Because school culture varies by individual schools and school climate is created by staff and student attitudes, it logically follows that school and family characteristics are linked to bullying and victimization (Espelage & Swearer, 2011).

A study conducted by Kasen and Cohen helps us to understand bullying at the school level (Kasen& Cohen, 1990). Through their study this authors reveals to us the impact of school climate on the intersection of personality and bullying.

They concluded that students who are bullied perceive less social support in their peers and students who are bullying perceive less social support from parents and teachers (Espelage & Swearer, 2011).

Conclusion

It is imperative that the role of social support is an important contextual factor in bullying prevention and intervention programming (Espelage & Swearer, 2011).

The research base regarding bullying has grown exponentially since Dan Olweus’ pioneering intervention research in the late 19th Century. However, the field is still in a relatively early phase of development (Espelage & Swearer, 2011).

Several types of measures have been developed to assist school professionals in monitoring the progress of bullying interventions (Espelage & Swearer, 2011).

It is recommended that practitioners and educators work together to identify a set of measures for determining the most effective school based bully based prevention programs.

References

Blatchford, P. (1998). Playtime in the primary School: Problems and Improvements. Windsor: NFER-Nelson.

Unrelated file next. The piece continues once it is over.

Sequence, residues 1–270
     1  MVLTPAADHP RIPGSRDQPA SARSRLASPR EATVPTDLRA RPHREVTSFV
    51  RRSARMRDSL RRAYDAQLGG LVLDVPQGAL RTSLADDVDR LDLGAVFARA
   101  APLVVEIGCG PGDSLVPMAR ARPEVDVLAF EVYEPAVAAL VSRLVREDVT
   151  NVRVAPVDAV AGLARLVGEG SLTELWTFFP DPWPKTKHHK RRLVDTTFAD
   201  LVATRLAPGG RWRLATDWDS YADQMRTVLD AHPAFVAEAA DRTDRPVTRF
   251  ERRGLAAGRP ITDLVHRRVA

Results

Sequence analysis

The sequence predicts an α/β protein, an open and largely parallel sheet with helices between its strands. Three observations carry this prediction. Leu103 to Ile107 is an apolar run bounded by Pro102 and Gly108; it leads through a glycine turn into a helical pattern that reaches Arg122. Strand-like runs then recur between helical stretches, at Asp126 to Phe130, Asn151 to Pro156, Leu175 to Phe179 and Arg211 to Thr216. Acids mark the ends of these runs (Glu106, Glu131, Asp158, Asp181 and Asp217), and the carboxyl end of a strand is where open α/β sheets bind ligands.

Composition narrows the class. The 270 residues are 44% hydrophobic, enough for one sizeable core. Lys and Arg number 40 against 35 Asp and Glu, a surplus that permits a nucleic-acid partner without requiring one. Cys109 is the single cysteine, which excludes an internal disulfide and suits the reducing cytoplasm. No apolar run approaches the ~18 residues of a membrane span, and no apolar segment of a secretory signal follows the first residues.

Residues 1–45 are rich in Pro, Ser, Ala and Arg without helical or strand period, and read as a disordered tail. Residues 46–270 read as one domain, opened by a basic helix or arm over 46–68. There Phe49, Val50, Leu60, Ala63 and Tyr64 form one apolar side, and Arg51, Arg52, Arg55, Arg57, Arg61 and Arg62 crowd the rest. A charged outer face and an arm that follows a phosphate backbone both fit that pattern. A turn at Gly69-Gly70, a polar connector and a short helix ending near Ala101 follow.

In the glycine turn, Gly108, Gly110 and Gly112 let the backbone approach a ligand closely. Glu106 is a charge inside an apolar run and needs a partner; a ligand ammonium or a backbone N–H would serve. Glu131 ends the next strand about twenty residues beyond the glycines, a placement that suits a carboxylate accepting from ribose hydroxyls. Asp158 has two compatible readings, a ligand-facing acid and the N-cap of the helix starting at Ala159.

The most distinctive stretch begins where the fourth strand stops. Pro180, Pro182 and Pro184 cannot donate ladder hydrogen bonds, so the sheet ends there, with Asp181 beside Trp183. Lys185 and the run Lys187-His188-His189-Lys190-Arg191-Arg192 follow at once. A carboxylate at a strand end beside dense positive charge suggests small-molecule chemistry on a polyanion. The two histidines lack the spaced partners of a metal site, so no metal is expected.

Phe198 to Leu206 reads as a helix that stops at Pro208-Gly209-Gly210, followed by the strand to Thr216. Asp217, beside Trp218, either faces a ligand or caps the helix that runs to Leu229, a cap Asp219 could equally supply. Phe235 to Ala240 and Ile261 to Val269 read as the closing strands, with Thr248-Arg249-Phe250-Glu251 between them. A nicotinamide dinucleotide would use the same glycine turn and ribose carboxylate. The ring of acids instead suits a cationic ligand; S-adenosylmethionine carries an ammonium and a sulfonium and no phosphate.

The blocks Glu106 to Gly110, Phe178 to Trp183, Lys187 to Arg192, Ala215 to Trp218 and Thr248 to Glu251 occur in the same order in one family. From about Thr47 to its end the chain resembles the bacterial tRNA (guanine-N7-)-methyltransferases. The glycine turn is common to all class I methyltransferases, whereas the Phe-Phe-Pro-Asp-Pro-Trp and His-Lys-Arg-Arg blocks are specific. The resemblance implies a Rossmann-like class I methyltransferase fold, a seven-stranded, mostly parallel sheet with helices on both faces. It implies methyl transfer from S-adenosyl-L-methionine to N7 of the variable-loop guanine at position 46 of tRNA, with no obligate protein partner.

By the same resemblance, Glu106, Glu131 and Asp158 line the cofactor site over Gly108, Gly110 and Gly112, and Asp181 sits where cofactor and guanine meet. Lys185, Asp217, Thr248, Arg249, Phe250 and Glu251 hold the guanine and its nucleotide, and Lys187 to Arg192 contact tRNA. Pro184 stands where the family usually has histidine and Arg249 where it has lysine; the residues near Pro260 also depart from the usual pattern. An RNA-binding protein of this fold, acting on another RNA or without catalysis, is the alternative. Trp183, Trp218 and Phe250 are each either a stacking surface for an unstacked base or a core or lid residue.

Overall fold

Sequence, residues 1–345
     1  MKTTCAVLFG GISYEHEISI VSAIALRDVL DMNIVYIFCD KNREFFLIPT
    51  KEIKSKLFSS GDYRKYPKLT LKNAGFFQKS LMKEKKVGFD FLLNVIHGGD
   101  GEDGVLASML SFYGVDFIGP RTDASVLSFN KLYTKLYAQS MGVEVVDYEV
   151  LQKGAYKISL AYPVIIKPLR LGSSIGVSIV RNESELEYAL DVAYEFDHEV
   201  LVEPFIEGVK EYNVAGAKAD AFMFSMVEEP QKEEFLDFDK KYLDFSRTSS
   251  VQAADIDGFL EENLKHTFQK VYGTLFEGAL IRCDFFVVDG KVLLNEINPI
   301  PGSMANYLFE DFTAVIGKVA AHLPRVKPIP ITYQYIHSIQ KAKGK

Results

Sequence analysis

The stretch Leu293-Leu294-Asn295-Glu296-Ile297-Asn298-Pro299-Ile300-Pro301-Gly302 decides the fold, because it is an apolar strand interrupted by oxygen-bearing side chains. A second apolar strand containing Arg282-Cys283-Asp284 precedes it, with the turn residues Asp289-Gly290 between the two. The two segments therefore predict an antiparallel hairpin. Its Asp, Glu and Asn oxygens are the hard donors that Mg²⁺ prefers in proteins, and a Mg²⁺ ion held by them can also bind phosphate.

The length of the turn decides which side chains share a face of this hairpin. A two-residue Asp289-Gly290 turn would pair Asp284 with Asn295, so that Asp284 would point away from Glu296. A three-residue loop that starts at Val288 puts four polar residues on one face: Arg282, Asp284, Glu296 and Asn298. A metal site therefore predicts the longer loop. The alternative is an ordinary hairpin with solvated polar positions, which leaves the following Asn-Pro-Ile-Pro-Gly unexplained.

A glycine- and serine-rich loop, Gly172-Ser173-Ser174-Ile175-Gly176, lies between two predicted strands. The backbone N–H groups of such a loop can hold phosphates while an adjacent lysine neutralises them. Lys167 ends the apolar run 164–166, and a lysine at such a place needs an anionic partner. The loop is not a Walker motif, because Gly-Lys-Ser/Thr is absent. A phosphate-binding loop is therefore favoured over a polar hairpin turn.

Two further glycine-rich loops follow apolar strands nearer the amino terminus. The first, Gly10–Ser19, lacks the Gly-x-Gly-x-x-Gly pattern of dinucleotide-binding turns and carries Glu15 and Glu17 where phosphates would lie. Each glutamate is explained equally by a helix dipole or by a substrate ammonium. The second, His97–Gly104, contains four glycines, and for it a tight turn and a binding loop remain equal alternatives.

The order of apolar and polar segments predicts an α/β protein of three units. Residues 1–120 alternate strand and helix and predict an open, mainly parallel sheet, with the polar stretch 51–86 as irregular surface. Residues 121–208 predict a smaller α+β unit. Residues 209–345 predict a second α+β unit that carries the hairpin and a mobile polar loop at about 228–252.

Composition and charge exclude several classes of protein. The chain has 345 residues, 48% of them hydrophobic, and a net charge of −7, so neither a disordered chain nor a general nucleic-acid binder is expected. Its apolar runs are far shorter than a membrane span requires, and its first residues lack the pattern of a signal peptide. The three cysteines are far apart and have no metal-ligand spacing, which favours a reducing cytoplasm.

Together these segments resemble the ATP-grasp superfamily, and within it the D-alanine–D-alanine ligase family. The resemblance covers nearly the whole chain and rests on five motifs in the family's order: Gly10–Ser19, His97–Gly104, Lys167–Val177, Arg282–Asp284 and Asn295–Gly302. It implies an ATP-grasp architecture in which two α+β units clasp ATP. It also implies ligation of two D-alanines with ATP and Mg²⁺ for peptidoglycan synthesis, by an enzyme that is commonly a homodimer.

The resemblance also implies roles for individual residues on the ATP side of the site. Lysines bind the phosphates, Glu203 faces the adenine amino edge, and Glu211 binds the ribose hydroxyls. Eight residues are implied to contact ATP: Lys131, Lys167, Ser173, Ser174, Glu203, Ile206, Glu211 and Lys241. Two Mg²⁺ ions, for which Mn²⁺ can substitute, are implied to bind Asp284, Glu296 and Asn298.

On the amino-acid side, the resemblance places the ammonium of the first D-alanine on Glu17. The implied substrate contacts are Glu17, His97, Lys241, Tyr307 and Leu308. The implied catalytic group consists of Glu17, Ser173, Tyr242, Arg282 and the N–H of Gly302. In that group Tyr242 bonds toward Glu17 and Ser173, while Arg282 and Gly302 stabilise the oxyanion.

Carney, A.G. & Merrell, K.W. (2001). Bullying in schools: Perspectives on understanding and preventing this international problem. School Psychology International, 22(3), 364-382.

Espelage, D. and Swearer, M. (2011).Bullying in North American Schools. New York: Routledge publishers.

Juvomen, J. and Graham, S. (2001). Peer harassment in schools. New York: The Guilford Press.

Kasen, S., Johnson, J. and Cohen, P. (1990). The impact of school emotional climate on student’s psychopathology. Journal of Abnormal Child Psychology, 18(1), 165- 177.

Namie, G. and Namie, R. (2011). The bully-free work place: stop jerks, weasels, and snakes from killing your organization. Hoboken, New Jersey: John Wiley & Sons.

Pellegrini, A. and Long, J. (2002). A longitudinal study of bullying, dominance, and victimization during the transition from primary school through secondary school. British Journal of Developmental Psychology, 20(2), 259-280.

Pepler, D., Rigby, K. and Smith, P. (2004). Bullying in schools: how successful can interventions be? Cambridge: Cambridge University Press.

Sanders, C. and Phye, G. (2004). Bullying: implications for the classroom. San Diego, Califonia: Elsevier Press.

Schaffer, A. (2008). The impact of the word bully and providing the definition of bullying on the reported rate of bullying behavior. USA: ProQuest.

Tattum, D. (1993). Bullying: Understanding and managing bullying. London: Heinermann publishers.

Tattum, D. and Lane, D. (1998). Bullying in schools. London: Trentham Books Limited.

Wang, J., Iannotti, R., and Nansel, T. (2009). School bullying among adolescents in the United States: physical, verbal, relational, and cyber. Journal of Adolescent Health, 45(4), 368-375.

Whitney, I. and Smith, P. (1993). A survey of nature and extent of bullying in junior and secondary schools. Educational Research, 35(3), 25.